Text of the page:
The Diana industry is back in full swing

As the 20th anniversary of the death of Princess Diana approaches, her luminous face and emotional complexity remain an irresistible package

An exhibit in Lima, Peru of photos taken by fashion photographer Mario Testino in what would be Diana's final photo shoot (Photograph courtesy of Museo Mario Testino)

An exhibit in Lima, Peru of photos taken by fashion photographer Mario Testino in what would be Diana’s final photo shoot (Photograph by Jane Christmas)

Late last year, Prince William and Prince Harry jointly announced that there would be no concert or other major event to mark the 20th anniversary of the death of their mother, Diana, Princess of Wales. Anyone thinking that this was royal-speak for “we will mark this sad anniversary quietly and privately” has been proved wrong.

Barely two months later, the Princes’ home, Kensington Palace, was a hive of Diana-related activity. There was news of the commissioning of a statue, the planting of a memorial garden, and the opening of a year-long exhibition of Diana’s gowns and dresses. Diana: Her Fashion Story opened two weeks ago and several dates promptly sold out at £19 (C$31) per ticket, as did two ancillary “brunch lectures”—David Sassoon (Diana’s former hairdresser) and Makeup and Monarchy—at £15 a pop. A Designing for Diana study day (£70) exploring the late princess’s relationship with designers Catherine Walker, Bruce Oldfield and Jacques Azagury also sold out. It triggered more news: Prince William and Catherine, Duchess of Cambridge, would make their first official visit to Paris on March 17 and 18.

MORE: Why 2017 will be the year of Diana

Then came word that March 31 is to be designated National Kindness Day to honour Diana’s compassion and service. It would dovetail with the Diana Award, which recognizes young people who have fostered social change. Two Canadians are among its past recipients. William and Harry are said to be supporters of the Award. So is their uncle and Diana’s brother Charles, the Earl Spencer. He will host an exhibition called Walking in her Shoes at his family seat, Althorp, to showcase the achievements of the Award recipients, to be followed by a fundraising gala in June.

On the other side of the pond, ABC and People magazine are producing a two-part Diana documentary to air in August. Prepare for an onslaught of similar-themed news specials, docudramas, biopics and anniversary editions. Can commemorative mugs and tea towels be far behind?

Since the shocking car crash in Paris’s Alma Tunnel claimed the life of the world’s most photographed woman on Aug. 31, 1997, and unleashed an unprecedented outpouring of grief, fascination with Diana has not abated; if anything, it has grown. Her luminous face and emotional complexity remain an irresistible package, and she continues to command the headlines. This month she is on the cover of Harper’s Bazaar UK. Twenty years later, shrines and memorials to the late princess are still found in pubs and cafés around the world. The least mawkish and certainly most discreet tribute (visitors easily miss it) is at the Museo Mario Testino in the bohemian Barranco neighbourhood of Lima, where six of the photos the Peruvian Testino took of Diana for Vanity Fair in what was her final photo shoot are on display.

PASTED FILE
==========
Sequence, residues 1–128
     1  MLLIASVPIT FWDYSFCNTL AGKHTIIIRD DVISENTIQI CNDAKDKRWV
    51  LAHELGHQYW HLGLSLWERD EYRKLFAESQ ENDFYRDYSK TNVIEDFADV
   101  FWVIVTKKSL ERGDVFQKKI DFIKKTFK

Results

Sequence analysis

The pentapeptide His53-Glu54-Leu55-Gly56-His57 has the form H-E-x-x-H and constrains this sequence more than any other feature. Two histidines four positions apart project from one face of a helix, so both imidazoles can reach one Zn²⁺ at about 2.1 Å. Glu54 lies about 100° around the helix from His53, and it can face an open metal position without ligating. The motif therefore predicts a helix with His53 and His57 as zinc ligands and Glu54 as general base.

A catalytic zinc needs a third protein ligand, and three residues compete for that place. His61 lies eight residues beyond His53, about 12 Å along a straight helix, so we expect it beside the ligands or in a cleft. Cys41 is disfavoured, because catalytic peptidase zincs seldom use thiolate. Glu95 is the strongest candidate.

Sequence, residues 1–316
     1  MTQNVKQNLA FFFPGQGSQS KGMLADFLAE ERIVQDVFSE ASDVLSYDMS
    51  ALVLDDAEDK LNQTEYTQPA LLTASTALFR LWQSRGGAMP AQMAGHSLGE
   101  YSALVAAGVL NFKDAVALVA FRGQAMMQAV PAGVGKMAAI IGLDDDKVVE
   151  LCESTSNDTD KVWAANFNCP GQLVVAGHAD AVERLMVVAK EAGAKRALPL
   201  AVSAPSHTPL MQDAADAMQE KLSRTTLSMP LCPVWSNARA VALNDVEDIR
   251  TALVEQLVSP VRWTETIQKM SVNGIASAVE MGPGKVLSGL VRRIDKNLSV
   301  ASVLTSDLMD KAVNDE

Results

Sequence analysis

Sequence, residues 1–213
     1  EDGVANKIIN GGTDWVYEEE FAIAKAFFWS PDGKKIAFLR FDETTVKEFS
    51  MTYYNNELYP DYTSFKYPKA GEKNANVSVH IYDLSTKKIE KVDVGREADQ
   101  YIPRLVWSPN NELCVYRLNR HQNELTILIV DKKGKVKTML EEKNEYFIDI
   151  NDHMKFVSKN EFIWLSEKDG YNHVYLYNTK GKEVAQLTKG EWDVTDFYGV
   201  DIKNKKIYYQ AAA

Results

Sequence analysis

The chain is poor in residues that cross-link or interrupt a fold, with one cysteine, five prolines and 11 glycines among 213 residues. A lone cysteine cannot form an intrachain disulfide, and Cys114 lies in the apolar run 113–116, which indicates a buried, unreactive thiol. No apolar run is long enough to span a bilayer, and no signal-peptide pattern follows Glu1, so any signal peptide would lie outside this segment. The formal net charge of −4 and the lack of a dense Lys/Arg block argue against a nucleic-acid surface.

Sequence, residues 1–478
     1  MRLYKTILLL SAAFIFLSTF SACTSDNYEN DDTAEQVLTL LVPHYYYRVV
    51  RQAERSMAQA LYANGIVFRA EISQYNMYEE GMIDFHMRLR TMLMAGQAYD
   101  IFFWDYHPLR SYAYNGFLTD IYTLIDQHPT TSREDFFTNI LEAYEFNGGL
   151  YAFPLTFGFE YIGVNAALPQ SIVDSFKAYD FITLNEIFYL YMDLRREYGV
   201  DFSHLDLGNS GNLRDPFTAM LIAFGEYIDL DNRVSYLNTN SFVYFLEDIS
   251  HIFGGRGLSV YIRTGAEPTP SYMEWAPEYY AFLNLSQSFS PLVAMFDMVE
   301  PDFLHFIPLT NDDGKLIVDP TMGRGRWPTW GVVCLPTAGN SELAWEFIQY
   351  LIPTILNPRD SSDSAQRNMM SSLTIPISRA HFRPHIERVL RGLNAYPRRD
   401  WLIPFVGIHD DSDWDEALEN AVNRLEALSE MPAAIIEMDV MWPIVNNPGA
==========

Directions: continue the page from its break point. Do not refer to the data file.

The absence of a public event to mark the 20th anniversary is small if not awkward consolation for the Windsors: in life Diana eclipsed every cause they embraced, every ribbon they cut; in death she does likewise. At least Camilla will be spared a repeat of the embarrassment a decade ago when the Duchess of Cornwall was forced by public outcry to absent herself from a public memorial service to Diana. Time has not salved Diana’s remark about the “third person” in the Wales’ marriage.

Nor has time diminished her legion of fans, who cut across socio-economic, cultural and racial divides. Woe to anyone, royal or commoner, caught disrespecting the memory of the People’s Princess. When Diana’s former chef tweeted about the overgrown state of her burial site at Althorp, condemnation was swift. Earl Spencer responded with a multi-million-pound revamp of the estate grounds to be completed by summer, in time for the thousands of day trippers who descend each year to breathe Diana’s air. Should they care to linger, Althorp now offers B & B accommodation.

Change is afoot, not least at Althorp. All trace of Diana has been expunged from the Althorp website. The popular Diana exhibition that displayed her childhood belongings and frothy wedding dress closed four years ago, and nothing has replaced it. This has nothing to do with Spencerian restraint: under the terms of Diana’s will, all her possessions reverted to her children once Prince Harry turned 30.

Since Althorp does not (or perhaps legally cannot) offer a place of pilgrimage for Diana devotees, Kensington Palace is filling the breach. Prince Harry has spoken publicly about wanting “to make sure there’s something that she’s remembered by, and there’s certainly not enough on the right scale in London or anywhere in the U.K. … And I think myself, William and a few other people, we all agree on that.”

Which leaves little doubt about who is firmly controlling Diana’s legacy and keeping her flame alight. Twenty years after their mother’s tragic death, her sons have now fully and finally reclaimed her.

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